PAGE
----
The Common Good

jim wallis

The High Price of Cheap Clothing

Source: KCRW FM (CA)
Date: April 30, 2013
The deadly collapse of a garment factory in Bangladesh has increased political unrest in that country, and brand-name western clothing makers are accused of shirking responsibility. What about consumers who demand low prices? Could Bangladesh go the way of other Asian countries that enforce laws on wages and working conditions? Also, one hundred days into his second term, President Obama talks Syria, sequester and stalemate. On Reporter's Notebook, in a new book, Jim Wallis of Sojourners wants to start a national conversation about the "common good."

Billy Graham Meets Martin Luther King Jr.—Again

Date: April 30, 2013
Just before the 2004 election, Jim Wallis and Sojourners conducted a high-profile campaign to liberate Christian activism from enslavement to political parties. Their ad campaign cum petition headlined "God is not a Republican … or a Democrat" gained 40,000 signatures. Immediately after the election, Wallis attacked the media identification of Christians with the Republican Party in his book God's Politics.

Sojourners’ Jim Wallis Ponders Immigration, Guns at Washington National Cathedral

Immigration reform legislation will pass Congress by the August recess, predicted Sojourners CEO and President Jim Wallis in an April 28 interview. Wallis sat down with Washington National Cathedral Dean Gary Hall to discuss immigration, gun control, the direction of young evangelical Christians and Wallis’ new book “On God’s Side.”

The Spirituality of Sports and the Common Good

Editor’s Note: Jim Wallis’ latest book On God’s Side: What Religion Forgets and Politics Hasn’t Learned About Serving the Common Good is sparking a national conversation of what it means to come together on issues that traditionally divide the nation. Bloggers Adam Ericksen and Tripp Hudgins are having that conversation here, on the God’s Politics blog. Follow along, and join the discussion in the comments section.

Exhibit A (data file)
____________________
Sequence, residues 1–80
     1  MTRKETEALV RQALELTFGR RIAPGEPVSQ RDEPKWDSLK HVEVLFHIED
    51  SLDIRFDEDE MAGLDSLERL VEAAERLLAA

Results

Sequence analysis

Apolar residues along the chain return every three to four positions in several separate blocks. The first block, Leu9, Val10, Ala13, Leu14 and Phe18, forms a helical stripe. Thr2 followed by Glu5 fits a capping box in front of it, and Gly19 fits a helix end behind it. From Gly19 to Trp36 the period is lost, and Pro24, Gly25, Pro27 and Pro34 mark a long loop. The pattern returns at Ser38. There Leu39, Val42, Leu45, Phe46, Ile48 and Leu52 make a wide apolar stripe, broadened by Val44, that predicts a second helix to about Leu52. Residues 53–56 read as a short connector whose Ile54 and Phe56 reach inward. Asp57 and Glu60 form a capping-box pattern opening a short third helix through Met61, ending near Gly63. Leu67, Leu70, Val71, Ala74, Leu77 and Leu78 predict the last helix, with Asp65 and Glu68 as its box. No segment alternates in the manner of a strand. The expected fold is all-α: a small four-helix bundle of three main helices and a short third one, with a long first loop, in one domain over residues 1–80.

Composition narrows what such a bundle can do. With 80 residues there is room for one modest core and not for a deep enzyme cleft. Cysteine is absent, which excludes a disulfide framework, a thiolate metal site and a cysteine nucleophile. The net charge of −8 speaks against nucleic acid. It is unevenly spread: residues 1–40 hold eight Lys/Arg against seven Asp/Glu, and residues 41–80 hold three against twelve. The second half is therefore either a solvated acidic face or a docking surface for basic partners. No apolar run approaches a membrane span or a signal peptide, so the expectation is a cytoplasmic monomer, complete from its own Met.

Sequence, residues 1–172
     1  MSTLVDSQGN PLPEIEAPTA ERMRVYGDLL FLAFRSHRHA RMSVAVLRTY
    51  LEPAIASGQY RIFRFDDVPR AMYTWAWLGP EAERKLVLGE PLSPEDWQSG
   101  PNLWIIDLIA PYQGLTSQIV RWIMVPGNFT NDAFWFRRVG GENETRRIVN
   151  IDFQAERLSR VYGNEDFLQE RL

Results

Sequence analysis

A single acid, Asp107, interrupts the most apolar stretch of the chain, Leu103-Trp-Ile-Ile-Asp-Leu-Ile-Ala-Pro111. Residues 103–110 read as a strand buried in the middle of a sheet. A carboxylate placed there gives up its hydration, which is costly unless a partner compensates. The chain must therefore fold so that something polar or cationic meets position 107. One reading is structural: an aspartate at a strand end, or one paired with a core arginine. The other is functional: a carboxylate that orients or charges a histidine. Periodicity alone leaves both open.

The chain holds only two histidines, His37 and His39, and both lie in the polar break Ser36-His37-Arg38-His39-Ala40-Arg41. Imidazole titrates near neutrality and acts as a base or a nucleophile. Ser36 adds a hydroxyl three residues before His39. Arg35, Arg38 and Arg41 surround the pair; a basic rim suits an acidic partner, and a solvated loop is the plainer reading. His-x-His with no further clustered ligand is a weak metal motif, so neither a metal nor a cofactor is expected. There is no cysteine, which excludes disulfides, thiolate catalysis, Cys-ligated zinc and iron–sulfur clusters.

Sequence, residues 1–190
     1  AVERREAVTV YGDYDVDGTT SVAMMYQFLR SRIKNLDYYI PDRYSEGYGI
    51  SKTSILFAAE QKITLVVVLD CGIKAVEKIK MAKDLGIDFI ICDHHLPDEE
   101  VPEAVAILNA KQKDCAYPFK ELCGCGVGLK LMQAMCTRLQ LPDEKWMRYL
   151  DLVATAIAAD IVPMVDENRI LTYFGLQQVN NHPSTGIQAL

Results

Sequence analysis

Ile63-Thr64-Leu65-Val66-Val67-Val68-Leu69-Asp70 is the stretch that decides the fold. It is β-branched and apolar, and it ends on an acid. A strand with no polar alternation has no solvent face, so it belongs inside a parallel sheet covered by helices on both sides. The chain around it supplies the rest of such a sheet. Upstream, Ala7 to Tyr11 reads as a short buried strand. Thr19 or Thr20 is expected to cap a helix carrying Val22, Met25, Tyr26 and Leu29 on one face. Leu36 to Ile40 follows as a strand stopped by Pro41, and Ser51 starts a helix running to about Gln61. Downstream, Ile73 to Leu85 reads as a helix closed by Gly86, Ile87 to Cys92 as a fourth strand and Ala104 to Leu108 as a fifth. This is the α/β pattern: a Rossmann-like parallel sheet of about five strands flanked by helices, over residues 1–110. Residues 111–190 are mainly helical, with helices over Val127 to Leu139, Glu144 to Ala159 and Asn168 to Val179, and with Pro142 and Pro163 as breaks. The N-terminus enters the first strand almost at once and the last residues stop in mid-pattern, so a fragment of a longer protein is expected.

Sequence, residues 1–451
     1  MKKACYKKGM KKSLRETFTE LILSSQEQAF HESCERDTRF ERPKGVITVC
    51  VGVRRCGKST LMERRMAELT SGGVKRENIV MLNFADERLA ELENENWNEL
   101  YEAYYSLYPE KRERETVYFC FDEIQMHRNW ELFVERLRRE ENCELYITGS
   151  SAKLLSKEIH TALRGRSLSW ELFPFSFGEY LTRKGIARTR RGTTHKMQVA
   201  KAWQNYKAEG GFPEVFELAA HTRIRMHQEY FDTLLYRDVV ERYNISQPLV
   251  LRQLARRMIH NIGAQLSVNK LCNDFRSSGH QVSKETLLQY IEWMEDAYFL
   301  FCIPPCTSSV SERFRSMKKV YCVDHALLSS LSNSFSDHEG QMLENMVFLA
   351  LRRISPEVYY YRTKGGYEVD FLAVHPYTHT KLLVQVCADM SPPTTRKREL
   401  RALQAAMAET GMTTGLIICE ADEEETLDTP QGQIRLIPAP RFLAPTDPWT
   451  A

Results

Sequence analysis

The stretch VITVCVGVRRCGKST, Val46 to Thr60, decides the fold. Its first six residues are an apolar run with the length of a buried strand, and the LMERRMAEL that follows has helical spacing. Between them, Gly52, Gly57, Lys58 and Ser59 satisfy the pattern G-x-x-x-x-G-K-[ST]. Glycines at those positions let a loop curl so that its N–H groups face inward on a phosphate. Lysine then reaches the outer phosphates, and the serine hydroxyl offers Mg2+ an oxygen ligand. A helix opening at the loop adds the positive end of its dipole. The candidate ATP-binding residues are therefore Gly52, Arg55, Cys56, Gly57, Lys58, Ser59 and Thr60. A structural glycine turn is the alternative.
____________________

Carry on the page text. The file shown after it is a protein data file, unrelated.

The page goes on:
In his post “Lattes for the Common Good,” Tripp states that working for the common good starts in mundane places, like a coffee shop. These are the places where we practice neighborliness. Here’s Tripp’s brilliant point:

I wonder if one of the things that we can think about in terms of the common good is learning to practice neighborliness in the inconsequential moments so that when we face the bigger political difficulties of our shared life — when we start talking about the common good in the larger sense around some of the other issues like violence, and fear, and money — that maybe if we've already built up habits we can have these larger conversations with greater ease.

Jim Wallis says something very similar in his book On God’s Side. When it comes to the common good, Wallis states, “I have never seen the real changes we need come from inside politics. Instead, they come from outside social movements” (295).

According to Wallis, for those social movements to make any real change in our politics they must be based on the biblical command to “love your neighbor as yourself.” Indeed, On God’s Side begins with a reflection on the Golden Rule. And, as Tripp says, “learning to practice neighborliness” is learning to practice loving our neighbor as we love ourselves.

But there is a tension in Wallis’s book that, for me, is unresolved. That tension is clearly seen when Wallis talks about baseball.

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Religious Leaders to Government: We Must Get Our Fiscal House In Order

Date: April 30, 2013